Spider webs symbolize good luck in Ukraine. Finstein said this custom derived from a tale of a poor widow and her children who had no resources to decorate a fir tree in their cold, damp hut. Spiders covered the tree with beautiful webs overnight and brought good fortune to the widow.

A German custom entails tucking a glass pickle ornament in a Christmas tree. The first child to find the hidden pickle receives a special gift.

For the Christmas bowl in Greece, a sprig of basil is wrapped around a small wooden cross and is placed in a shallow wooden bowl, she said. The cross is then used to sprinkle holy water in each room of the house.

Greece also is the land of the Kallikantzaroi, gremlins that are more mischievous than evil, who sneak down the chimney, she added.

On a culinary note, Christmas became associated with Kentucky Fried Chicken in Japan about 40 years ago, with thousands of buckets of chicken being sold during the holidays, she said. Another custom in Japan is ordering a Christmas sponge cake months in advance.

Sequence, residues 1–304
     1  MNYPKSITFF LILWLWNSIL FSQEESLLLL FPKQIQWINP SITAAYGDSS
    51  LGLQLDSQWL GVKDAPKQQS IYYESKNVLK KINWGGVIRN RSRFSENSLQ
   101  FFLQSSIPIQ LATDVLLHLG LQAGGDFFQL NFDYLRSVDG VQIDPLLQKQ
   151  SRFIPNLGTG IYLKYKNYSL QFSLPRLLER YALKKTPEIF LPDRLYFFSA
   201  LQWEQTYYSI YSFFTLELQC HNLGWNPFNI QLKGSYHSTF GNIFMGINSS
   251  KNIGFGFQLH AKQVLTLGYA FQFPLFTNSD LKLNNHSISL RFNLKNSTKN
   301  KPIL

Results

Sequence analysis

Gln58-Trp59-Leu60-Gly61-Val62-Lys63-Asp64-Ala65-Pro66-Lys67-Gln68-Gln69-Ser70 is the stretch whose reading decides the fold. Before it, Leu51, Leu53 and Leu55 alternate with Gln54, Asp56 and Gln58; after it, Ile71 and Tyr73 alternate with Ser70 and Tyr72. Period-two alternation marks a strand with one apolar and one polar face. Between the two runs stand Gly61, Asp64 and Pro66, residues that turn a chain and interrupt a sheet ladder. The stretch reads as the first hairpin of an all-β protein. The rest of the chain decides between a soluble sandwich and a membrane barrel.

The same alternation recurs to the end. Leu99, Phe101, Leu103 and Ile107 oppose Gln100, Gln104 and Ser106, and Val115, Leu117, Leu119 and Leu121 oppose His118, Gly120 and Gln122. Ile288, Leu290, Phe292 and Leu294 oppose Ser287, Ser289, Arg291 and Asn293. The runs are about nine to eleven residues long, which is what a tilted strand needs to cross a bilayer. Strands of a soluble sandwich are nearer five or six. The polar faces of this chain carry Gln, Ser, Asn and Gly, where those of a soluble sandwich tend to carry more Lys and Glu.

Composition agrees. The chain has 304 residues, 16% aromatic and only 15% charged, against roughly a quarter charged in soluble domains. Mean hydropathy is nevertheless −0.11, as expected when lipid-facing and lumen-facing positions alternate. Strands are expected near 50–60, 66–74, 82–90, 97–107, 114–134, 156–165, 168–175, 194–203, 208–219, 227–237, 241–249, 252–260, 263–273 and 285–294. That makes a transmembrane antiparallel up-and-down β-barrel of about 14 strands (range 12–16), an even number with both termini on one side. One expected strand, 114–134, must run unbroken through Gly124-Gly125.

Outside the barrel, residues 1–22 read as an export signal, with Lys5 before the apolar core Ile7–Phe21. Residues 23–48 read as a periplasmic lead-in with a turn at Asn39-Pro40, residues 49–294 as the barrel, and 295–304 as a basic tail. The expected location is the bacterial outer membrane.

In Great Britain, several traditions relate to the Christmas pudding, which must be stirred clockwise while making a wish. She said symbolic items that may be added to the mix include a coin for wealth in the coming year, a ring to bring good luck in marriage and a thimble to ensure good luck in life.

Boiled pig snouts are served in Latvia, along with peas and beans to bring riches. Musicians called Mummers dress up as animals and travel from house to house to sing and dance.

In Greenland, Kiviak is a delicacy of auks placed in a seal and sealed with grease. A large rock is placed on top of the concoction, which is left to ferment for months. Another treat features raw whale meat stuffed into a seal skin.